Fifty years ago, how might a researcher have conducted a study where they knew there was important information they needed inside clinical notes?

Manually going through the notes! They would pull out the information by hand, and honestly, they still do that to this day, because NLP is not widely available. And it’s still not generalizable, especially in the clinical domain. Before NLP, if you needed stuff that was in written text, you hired students to dig through the data and pull out the information you needed.

How has NLP played into COVID-19 research?

There’s a group of informatics people like myself working with NLP as part of the National COVID Cohort Collaborative (N3C), a national, centralized data resource for researchers studying COVID-19.

The NLP group is working to build out the algorithmic infrastructure that a researcher could use to study, not only COVID-19, but how it interacts with comorbidities like obesity or depression, where descriptors for those conditions are not going to be in the structured text. It will be very impactful, once we can get that additional information to the N3C repository.

How does being at a Clinical and Translational Science Award (CTSA) institution matter when it comes to NLP work?

It’s a big advantage. The Wright Center is like a large networking hub. We have connections on the medical campus. We have connections on the academic campus. So, working in NLP, I have access to the clinical data that someone on an academic campus does not have easy access to, and I have access to the clinicians who understand that data. But I also have access to those in College of Engineering’s Department of Computer Science, who develop the NLP algorithms and are really knowledgeable with machine learning.

I’m not a clinician. I came from a computer science background. So when I’m working on a project that’s dealing with a specific type of condition like cancer or depression, I need access to subject matter experts to figure out what concepts I need to pull out. What’s important for differentiating patient A from patient B?

That network all at one university is a really valuable thing to have for any researcher that comes to us. I’ve had researchers on the clinical side, and I’ve connected them with people on the academic side, and vice versa. The Wright Center is a bridge between worlds – two worlds that sometimes speak different languages. And researchers need to know that it’s here, and they can take advantage of it.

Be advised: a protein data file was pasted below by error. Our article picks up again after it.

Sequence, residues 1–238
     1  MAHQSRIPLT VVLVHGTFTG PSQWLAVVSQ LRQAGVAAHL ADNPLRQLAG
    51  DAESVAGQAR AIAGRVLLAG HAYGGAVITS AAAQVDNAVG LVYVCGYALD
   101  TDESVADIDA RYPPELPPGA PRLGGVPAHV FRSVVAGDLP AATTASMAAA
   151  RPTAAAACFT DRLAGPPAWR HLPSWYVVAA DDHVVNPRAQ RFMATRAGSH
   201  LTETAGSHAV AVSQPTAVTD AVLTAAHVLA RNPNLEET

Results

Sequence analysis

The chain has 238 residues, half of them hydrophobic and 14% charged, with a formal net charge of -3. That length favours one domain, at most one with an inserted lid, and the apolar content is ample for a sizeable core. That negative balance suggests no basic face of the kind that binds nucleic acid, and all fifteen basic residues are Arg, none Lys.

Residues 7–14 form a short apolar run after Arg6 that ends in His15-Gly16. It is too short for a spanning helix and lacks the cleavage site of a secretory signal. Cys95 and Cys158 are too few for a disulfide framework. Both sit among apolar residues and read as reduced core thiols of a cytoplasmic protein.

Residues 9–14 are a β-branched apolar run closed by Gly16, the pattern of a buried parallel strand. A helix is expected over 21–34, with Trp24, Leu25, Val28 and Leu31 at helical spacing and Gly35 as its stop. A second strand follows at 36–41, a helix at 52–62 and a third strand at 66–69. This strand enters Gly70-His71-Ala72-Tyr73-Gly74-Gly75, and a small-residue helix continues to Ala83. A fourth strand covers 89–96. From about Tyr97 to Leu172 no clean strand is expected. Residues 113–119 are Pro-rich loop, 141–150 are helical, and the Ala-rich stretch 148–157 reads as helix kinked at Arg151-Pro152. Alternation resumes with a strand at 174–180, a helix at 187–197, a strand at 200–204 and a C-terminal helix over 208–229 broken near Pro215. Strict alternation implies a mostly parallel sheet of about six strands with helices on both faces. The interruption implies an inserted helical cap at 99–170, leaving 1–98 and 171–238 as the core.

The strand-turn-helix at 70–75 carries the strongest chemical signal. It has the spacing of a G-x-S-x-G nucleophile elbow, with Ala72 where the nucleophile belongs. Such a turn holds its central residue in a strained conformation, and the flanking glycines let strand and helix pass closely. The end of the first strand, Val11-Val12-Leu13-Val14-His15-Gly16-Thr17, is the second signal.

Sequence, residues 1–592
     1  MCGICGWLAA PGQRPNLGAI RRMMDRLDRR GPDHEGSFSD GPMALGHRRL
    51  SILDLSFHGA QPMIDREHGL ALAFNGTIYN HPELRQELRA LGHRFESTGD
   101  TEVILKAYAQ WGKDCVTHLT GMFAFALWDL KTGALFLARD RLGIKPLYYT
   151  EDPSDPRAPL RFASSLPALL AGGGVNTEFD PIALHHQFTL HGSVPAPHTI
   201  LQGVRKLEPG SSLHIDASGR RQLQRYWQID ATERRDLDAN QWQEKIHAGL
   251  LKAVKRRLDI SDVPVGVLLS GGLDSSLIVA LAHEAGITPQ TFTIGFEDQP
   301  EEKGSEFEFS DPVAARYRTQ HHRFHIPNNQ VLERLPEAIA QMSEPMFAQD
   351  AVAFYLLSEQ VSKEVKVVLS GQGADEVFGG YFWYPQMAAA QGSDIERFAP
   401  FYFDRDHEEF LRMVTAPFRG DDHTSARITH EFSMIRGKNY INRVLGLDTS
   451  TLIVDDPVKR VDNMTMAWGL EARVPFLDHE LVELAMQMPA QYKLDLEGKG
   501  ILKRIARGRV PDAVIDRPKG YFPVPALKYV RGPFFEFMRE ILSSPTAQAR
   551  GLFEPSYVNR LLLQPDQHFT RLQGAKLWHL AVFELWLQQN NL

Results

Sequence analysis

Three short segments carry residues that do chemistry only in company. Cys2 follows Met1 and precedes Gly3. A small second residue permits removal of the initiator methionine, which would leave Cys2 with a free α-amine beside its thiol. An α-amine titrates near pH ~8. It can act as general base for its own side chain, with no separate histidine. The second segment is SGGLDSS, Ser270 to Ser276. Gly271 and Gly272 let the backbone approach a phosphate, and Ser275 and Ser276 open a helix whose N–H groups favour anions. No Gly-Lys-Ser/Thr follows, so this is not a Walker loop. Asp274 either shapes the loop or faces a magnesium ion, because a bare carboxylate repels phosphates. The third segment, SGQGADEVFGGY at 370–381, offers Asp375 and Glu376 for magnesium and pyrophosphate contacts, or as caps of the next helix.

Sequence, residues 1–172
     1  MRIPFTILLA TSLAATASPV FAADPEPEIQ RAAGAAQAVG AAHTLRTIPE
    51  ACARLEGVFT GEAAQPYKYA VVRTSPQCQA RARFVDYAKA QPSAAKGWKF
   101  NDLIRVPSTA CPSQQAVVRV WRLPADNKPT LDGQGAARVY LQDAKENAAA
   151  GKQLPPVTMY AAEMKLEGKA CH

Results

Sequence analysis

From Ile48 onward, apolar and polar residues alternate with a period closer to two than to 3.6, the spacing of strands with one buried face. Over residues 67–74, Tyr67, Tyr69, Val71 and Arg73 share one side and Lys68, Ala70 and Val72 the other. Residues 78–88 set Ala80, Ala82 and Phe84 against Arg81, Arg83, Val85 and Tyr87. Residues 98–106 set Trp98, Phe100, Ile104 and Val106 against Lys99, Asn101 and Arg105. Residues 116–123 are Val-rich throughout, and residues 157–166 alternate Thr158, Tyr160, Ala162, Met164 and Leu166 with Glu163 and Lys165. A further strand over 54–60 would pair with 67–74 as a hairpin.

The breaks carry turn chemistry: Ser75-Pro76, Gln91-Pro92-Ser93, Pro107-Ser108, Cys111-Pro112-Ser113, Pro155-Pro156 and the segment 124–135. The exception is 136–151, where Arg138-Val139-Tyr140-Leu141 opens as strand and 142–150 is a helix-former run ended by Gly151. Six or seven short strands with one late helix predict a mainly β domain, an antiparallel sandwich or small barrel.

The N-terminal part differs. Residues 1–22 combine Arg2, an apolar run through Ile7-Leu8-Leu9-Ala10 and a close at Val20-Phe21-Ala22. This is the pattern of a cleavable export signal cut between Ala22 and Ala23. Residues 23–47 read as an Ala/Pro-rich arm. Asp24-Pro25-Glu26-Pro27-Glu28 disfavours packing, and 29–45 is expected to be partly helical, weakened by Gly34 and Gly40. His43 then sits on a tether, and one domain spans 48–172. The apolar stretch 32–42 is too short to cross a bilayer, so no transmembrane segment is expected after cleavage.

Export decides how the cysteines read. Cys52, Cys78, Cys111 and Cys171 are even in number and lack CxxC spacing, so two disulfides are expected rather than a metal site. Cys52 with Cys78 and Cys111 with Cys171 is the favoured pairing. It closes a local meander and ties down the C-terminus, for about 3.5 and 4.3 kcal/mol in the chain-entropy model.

What else would you want a researcher to know about NLP and how it can help them?

NLP can be very powerful. It can do a lot of cool things, but it’s still not easy. The projects require very close collaboration between me, who’s the coder and the one developing the algorithm, and the PI in charge of the research. The PI understands the clinical background to the problem they’re studying.

NLP is not a quick ‘Hey, I need these concepts.’ It’s ‘okay, you need these concepts. Our pipeline isn’t set up for that right now, so we need to work together to figure out what we need to change – to get you the answers that you need.’ It’s very project specific. You can’t throw data at us, and we throw answers back.

And we’re always happy to talk with people if they have questions. People sometimes hesitate to contact us, because they don’t have a specific research project. But sometimes you don’t know what your research project is going to be, unless you know what services we can provide. It helps to call us before you even write a grant and to say, ‘Hey, what do you guys do?’

Use this form to request an NLP consultation and other informatics services at the Wright Center.